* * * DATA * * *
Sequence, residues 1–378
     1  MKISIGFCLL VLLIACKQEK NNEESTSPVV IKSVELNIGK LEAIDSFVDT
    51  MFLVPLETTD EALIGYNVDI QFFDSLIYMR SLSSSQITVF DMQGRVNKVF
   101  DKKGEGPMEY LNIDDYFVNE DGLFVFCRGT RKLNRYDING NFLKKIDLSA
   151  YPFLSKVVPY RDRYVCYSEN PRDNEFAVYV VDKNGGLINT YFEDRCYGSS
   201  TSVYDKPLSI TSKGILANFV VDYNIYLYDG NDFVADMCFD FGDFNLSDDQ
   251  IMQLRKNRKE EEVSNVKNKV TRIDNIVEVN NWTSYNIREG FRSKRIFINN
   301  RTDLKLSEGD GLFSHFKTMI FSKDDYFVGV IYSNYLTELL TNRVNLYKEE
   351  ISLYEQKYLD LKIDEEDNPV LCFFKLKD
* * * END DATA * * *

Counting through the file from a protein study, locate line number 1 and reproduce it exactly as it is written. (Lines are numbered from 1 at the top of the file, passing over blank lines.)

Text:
Sequence, residues 1–378